I met people... wonderful people. Some optimistic, others pessimistic. Some looking towards the future; others just trying to get through the day and wishing to forget. Some were high, some just wanted to say, hi. Some were kind; others just told me to “F*** Off.” Most were very supportive of my Homeless Veterans Mission; others couldn't care less. But with all the natural resources , and all the natural, abundant beauty that this State of California possesses, it is still the People that make this State the one of the most dynamic, interesting, and progressive place on earth... in my humble opinion.
I met several Homeless individuals on this journey, and I must say that it does not appear to me that the main cause of Homelessness is either Heavy Drugs or Insanity. Those things may be more of a result of long term Homelessness, but from what I learned (from the homeless themselves) is that the primary cause of Homelessness is really circumstantial, rather than lifestyle (drugs or insanity). I can not say for certain that each of these Homeless individuals was telling me the truth, but there wasn't any reason for them to lie. After saying hello, I would ask if they would tell me their story – how they became Homeless. For the most part these individuals seemed lucid, thoughtful in their answers, and just felt trapped in their Homeless situation... Lost a job; got laid-off, lost a house; abandoned by family. Can't get help because of no address; no ID; no car; no change of clothes.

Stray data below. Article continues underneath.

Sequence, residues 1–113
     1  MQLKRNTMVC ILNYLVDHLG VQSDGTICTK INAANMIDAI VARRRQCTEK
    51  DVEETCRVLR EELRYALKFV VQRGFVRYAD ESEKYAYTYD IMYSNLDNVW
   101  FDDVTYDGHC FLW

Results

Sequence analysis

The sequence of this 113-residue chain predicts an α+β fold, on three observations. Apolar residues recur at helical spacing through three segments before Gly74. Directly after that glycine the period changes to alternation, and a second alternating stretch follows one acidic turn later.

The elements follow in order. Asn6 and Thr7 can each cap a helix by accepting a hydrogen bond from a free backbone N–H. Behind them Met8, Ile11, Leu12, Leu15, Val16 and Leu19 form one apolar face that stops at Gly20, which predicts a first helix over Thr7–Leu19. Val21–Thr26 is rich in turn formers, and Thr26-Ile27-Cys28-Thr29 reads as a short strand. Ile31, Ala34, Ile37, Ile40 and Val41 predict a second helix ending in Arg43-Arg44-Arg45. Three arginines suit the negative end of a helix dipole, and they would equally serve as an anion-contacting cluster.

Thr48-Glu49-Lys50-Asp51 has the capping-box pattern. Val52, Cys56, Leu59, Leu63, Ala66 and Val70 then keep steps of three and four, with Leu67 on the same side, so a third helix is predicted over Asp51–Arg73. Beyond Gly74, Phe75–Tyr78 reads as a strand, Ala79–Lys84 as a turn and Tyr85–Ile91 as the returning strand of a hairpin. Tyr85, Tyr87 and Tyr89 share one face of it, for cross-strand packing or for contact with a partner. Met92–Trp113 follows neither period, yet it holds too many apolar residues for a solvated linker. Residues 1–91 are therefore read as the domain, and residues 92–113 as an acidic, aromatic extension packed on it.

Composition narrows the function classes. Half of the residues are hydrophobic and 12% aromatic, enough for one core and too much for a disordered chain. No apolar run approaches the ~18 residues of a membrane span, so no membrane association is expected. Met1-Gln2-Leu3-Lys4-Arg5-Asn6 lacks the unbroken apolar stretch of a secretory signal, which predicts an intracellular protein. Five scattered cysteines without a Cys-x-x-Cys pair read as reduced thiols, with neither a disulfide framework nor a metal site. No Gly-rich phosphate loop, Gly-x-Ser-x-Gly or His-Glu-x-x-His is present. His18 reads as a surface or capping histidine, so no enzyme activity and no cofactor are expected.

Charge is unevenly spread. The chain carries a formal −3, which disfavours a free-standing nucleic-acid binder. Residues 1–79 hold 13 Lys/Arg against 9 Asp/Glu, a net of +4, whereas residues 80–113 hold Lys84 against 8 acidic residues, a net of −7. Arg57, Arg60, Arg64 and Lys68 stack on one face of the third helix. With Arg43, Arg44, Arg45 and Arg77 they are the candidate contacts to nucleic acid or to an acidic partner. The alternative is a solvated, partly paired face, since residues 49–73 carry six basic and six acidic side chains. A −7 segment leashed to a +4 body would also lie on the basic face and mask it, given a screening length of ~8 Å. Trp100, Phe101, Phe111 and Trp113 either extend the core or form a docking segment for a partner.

But, I asked... if they had the opportunity to go to a residential Vocational learning center and after that into a guaranteed housing and job arrangement, would they be interested? Of the three Homeless Veterans that I asked they all said yes.... they would go in a day. These guys just need an opportunity that is guaranteed to them.
How can I be sure that a Homeless guy is a Veteran? I just ask them what their “MOS” was. If you are reading this and you do not know what an MOS is – then my point is well taken. Most civilians do not know what an MOS is.
THAT IS MY REPORT.... and I can not wait to go scootering again.
A highlight from Los Angeles
"Last night, Friday Dawn and I met a couple of friends and went out into the street to find a little something to eat. On the outskirts of Skid Row at a taco truck a Homeless man stopped by us. On a bicycle he had three different full bags, one his belongings and the other two aluminium cans. I began a conversation with him. He told me his name was Gee...short for Gene. Ten years ago he was about to purchase a home and something happened. He didn't go into detail but in a short time he was Homeless and ended up on Skid Row. He told me he had a job collecting cans, bottles, anything recyclable. He said that he had about $80 worth in his bags. He started talking about the black man in America, and how the British slavers brought African slaves to the Caribbean islands to work sugar plantations. He spoke about the French and Indian War and the parts played by blacks in that conflict and both the Revolutionary and Civil Wars. His facts were correct. Homeless for ten years...educated, intelligent and looking for a way out of Skid Row and back into society. Oh, by the way, coincidentally..a Navy Veteran. I cried in my heart. "